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Running the same binary code on the ARM Cortex M family

Started by Kvik April 24, 2012
Hi

I am looking into using the ARM Cortex M family for a new project. I
like the Cortex M series, since in "principle" code should be pretty
simelar from one device to another, if you limit the functionality to
the core and some limited periphials.

Just released is the M0+ with only 9uA/MHz current consumption and
that would fit well for a small application.

So, if it is possible to define the allowed instruction set for the
M0+, would it then be possible to scale up to a larger device (M0, M1,
M3, M4) without recompiling core code?

That would allow us to use a OS with a API layer (to provide
flexibility between the periphial differences), and have the core code
running with the same binary code across the M family?

Anyone have practical experience with porting code this way?

Thanks

Klaus
 Kvik  wrote:
>I am looking into using the ARM Cortex M family for a new project. I >like the Cortex M series, since in "principle" code should be pretty >simelar from one device to another, if you limit the functionality to >the core and some limited periphials.
As things stand today, I would not expect the peripherals to be compatible unless you are staying with a single vendor.
>So, if it is possible to define the allowed instruction set for the >M0+, would it then be possible to scale up to a larger device (M0, M1, >M3, M4) without recompiling core code?
>That would allow us to use a OS with a API layer (to provide >flexibility between the periphial differences), and have the core code >running with the same binary code across the M family? > >Anyone have practical experience with porting code this way?
Yes - We *do* recompile for different processors and chip vendors. If you want your code to be 100% portable think of using a byte code interpreter. (Forth, Java, Lua, .NET, etc.) -- Roberto Waltman [ Please reply to the group, return address is invalid ]
Kvik <klaus.kragelund@gmail.com> wrote:

>Hi > >I am looking into using the ARM Cortex M family for a new project. I >like the Cortex M series, since in "principle" code should be pretty >simelar from one device to another, if you limit the functionality to >the core and some limited periphials. > >Just released is the M0+ with only 9uA/MHz current consumption and >that would fit well for a small application. > >So, if it is possible to define the allowed instruction set for the >M0+, would it then be possible to scale up to a larger device (M0, M1, >M3, M4) without recompiling core code?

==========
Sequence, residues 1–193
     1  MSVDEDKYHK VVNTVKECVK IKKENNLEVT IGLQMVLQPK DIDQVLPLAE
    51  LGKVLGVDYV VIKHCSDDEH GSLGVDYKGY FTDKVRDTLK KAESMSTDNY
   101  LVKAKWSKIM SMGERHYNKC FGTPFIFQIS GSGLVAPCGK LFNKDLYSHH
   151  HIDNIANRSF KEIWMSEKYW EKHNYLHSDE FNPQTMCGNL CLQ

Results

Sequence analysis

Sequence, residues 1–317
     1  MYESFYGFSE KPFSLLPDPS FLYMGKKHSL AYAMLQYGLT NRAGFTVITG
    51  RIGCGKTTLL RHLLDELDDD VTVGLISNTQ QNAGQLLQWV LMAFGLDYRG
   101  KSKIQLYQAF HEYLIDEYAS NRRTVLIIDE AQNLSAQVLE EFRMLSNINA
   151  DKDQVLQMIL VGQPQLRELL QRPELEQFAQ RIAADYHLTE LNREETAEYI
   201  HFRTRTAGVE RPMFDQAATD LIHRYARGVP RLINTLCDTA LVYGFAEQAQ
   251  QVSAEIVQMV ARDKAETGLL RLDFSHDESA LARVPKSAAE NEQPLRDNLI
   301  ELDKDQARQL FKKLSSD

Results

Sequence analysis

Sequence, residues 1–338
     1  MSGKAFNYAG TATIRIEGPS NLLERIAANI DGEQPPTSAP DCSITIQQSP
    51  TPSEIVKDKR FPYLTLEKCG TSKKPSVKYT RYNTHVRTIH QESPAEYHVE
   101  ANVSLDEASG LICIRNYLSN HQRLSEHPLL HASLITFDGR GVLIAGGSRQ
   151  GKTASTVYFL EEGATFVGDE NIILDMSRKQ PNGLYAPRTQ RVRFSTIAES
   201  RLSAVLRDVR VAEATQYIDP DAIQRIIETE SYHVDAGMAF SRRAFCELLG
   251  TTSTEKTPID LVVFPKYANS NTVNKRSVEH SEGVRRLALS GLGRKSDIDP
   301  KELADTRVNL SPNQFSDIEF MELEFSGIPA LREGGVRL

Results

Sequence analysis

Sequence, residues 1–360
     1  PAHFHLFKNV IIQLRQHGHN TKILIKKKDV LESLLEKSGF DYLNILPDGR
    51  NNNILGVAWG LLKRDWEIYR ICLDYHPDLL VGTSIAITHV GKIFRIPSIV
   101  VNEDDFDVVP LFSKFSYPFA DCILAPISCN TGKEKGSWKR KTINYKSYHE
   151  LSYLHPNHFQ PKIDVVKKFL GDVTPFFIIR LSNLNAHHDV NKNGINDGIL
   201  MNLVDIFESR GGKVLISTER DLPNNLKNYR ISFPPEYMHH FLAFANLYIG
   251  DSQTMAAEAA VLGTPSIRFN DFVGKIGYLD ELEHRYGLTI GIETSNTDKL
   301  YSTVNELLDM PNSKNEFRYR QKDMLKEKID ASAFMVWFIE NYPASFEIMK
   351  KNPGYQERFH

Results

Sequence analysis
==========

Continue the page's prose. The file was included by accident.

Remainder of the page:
IIRC the machinecode is thumb2 for all these processors. You have to check though.
>That would allow us to use a OS with a API layer (to provide >flexibility between the periphial differences), and have the core code >running with the same binary code across the M family? > >Anyone have practical experience with porting code this way?
Yes. I use Eclipse as a C development IDE. Inside a project you can have multiple targets. For some devices I designed I had up to 10 different types of firmware which in theory(*) could run on two hardware versions. One hardware version had an ARM7TDMI the other Cortex M3. There are always differences between microcontrollers so its difficult to have one library to cover all. I never create libraries for hardware handling; its much easier to just copy them into a project. (*) The reason for two hardware versions where limitations of the hardware for version 1. Software that takes advantage of the extra hardware on version 2 could not run on version 1. -- Failure does not prove something is impossible, failure simply indicates you are not using the right tools... nico@nctdevpuntnl (punt=.) --------------------------------------------------------------
On 24 Apr., 14:48, Roberto Waltman <use...@rwaltman.com> wrote:
> =A0Kvik =A0wrote: > >I am looking into using the ARM Cortex M family for a new project. I > >like the Cortex M series, since in "principle" code should be pretty > >simelar from one device to another, if you limit the functionality to > >the core and some limited periphials. > > As things stand today, I would not expect the peripherals to be > compatible unless you are staying with a single vendor. > > >So, if it is possible to define the allowed instruction set for the > >M0+, would it then be possible to scale up to a larger device (M0, M1, > >M3, M4) without recompiling core code? > >That would allow us to use a OS with a API layer (to provide > >flexibility between the periphial differences), and have the core code > >running with the same binary code across the M family? > > >Anyone have practical experience with porting code this way? > > Yes - We *do* recompile for different processors and chip vendors. > If you want your code to be 100% portable think of using a byte code > interpreter. =A0(Forth, Java, Lua, .NET, etc.) > -- > Roberto Waltman > > [ Please reply to the group, > =A0 return address is invalid ]
Well, we have looked at Java Card (developed for ATM cards), but I think the API is too much tailored for the Card business and we won't have any use for it in a microcontroller solution. We have looked at .NET Micro Framework, which is said to be able to run on a Cortex M3 with 256kB Flash and 64kB RAM. But, it's not easy finding references to anyone having used this on a small microcontroller :-( Thanks Klaus